Conflict & Justice

Congressman and Iraq War vet Seth Moulton speaks out on war and Trump

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Seth Moulton leading his Marines in the Battle of Najaf in 2004

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Office of Congressman Seth Moulton

It's been a week to remind us that the war in Iraq is far from over.

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This story is based on a radio interview. Listen to the full interview.

A massive suicide bombing on Sunday made that terribly clear.

And on Wednesday, Britain weighed in with a damning investigation into the origins and conduct of the war: the Chilcot inquiry.

Seth Moulton, a Democratic congressman representing the 6th District of Massachusetts, always opposed the Iraq War.

But in 2003, he was a Marine Corps infantry officer, in the vanguard of the invasion. So he did his duty.

“You motivate yourself,” Moulton says, “by looking at the guys you’re serving with, and the young Marines you’re charged to lead.”

“You’re so devoted to them,” he adds, “that you realize how important it is to do a good job.”

Moulton eventually served four tours in Iraq, and was decorated for valor. But from his seat in the House of Representatives, he's still critical of the war and regrets its legacy of continued violence in Iraq and the region.

“We wanted to do a good job so that others wouldn’t have to,” Moulton says. “And so to see people still in Iraq today — Americans and our allies — over a decade after we first went in is pretty disappointing for someone who risked his life to make sure that wouldn’t have to happen.”    

In terms of the conduct of the war, Moulton says there was no real plan for dealing with the aftermath of toppling Iraqi dictator Saddam Hussein, and he faults the US for failing to leave a politically stable Iraq when US troops withdrew in 2011.

Moulton remains a vocal critic of the war, but that doesn't make him an ally of the presumptive Republican presidential nominee, Donald Trump, who has also consistently been critical.

“I don’t consider myself in the same company at all,” Moulton snaps at the suggestion. “Donald Trump just praised Saddam Hussein. I mean he just praised Kim Jong-un. He has praised Vladimir Putin. He basically wants to ally himself with some of the worst dictators of the past century. I’m not in that company at all. I risked my life to fight against people like that.”

Trump stirred controversy on Tuesday when he praised Hussein during a stump speech.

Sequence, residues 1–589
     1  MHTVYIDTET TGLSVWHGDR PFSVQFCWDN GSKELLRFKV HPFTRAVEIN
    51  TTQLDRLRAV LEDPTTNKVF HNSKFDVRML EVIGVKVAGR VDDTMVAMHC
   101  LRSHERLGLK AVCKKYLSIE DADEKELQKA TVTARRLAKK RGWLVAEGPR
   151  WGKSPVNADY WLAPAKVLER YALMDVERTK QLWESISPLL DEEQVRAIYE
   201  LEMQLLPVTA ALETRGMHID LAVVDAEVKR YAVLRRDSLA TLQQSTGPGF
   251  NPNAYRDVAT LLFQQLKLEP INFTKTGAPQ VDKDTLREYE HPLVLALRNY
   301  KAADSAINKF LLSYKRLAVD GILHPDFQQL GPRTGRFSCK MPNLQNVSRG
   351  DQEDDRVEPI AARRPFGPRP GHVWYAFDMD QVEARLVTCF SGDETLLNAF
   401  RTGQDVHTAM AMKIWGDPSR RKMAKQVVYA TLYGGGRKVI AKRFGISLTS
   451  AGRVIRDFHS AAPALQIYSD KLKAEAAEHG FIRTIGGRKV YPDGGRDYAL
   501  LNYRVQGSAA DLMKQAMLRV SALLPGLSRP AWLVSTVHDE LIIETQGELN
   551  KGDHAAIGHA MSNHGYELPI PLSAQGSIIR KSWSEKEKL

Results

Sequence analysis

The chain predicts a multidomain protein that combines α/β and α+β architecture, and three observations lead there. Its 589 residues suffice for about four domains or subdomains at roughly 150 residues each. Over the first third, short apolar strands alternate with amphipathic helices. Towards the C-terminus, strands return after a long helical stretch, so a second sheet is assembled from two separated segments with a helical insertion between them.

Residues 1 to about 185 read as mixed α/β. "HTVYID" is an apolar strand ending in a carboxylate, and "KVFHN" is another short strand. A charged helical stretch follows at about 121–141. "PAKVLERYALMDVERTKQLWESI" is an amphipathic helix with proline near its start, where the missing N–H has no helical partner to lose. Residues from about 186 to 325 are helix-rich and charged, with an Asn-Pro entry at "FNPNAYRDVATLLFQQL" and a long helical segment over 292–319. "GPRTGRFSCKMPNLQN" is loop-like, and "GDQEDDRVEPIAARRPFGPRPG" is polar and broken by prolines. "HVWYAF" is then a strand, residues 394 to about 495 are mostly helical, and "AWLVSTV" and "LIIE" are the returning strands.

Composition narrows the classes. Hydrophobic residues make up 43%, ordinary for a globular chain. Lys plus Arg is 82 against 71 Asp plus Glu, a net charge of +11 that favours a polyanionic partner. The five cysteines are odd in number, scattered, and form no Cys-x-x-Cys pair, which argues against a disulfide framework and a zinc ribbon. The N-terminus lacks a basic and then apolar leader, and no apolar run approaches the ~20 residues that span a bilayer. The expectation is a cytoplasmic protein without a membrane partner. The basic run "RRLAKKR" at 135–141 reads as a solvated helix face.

“Saddam Hussein was a bad guy, right?" Trump said. "He was a bad guy, really bad guy. But you know what he did well? He killed terrorists. He did that so good. They didn't read them the rights — they didn't talk, they were a terrorist, it was over.”

Trump had previously said the world would be “100 percent better” if Saddam Hussein and Libya's Muammar Gaddafi were still in power.

Moulton takes serious issue with Trump's claims about Hussein, and recalls how after the fall of Baghdad, his unit was sent south to a place called Hillah — there, he found Hussein's real victims.

“Shortly after we arrived there, we discovered the mass graves of tens of thousands, just north of the city," Moulton says. "When Saddam Hussein killed 'terrorists,' these are the kinds of people he killed. Tens of thousands of innocent Iraqi civilians. Those are the practices of, quote, killing terrorists, unquote, that Donald Trump is praising today.”

“It just shows,” Moulton says, “that not only does he have no clue about history, no idea about basic principles of foreign policy or how to keep America safe — it also shows he’s completely unfit to be our commander-in-chief.”

The Massachusetts congressman says he was following lawful orders when he participated in the invasion of Iraq, but he says US military personnel won't hesitate to disobey an unlawful command. And in Moulton's view, Trump has already promised to issue orders that violate the US Constitution.

“There’s a difference between following a lawful order and an unlawful order. I think President Bush’s judgment was poor — disastrously poor — in sending us into Iraq. But it wasn’t fundamentally unlawful," he explains. "And what Donald Trump has already said on the campaign trail that he will ask our servicemen and women to do: to torture our enemies; to kill innocent civilians, just because they’re related to terrorists; to completely disregard the Constitution and discriminate against people based on their religion — one of the fundamental tenets that the Founding Fathers said we couldn‘t violate. These things are fundamentally unlawful.”

“Actually," he says, "I know that Marines and soldiers out there are already talking about what it would mean to disobey the orders of a Commander-in-Chief Donald Trump, because the orders that he gives are against our own Constitution.”  

The presumptive Democratic candidate, Hillary Clinton, has been criticized from her opponents on the left and the right for initially supporting the invasion of Iraq, and then later opposing it.

Moulton says if he is ever asked to vote as a congressman on whether the US should go to war, he says he would want to understand what our mission is, meaning “what is the real intent behind what we are doing, and what is the end game, what goal are we trying to achieve. I don’t think that was very clear in 2003, and I’m afraid it’s still not clear today.”

“But I also think it’s important,” Moulton says, “that we recognize our mistakes of the past, but don’t necessarily try to pretend that 2016 is 2003 again. We’ve got to deal with the situation as it exists now, and we’ve got to make sure that we can fix it in a way that we don’t have to continue going back to Iraq year after year after year.”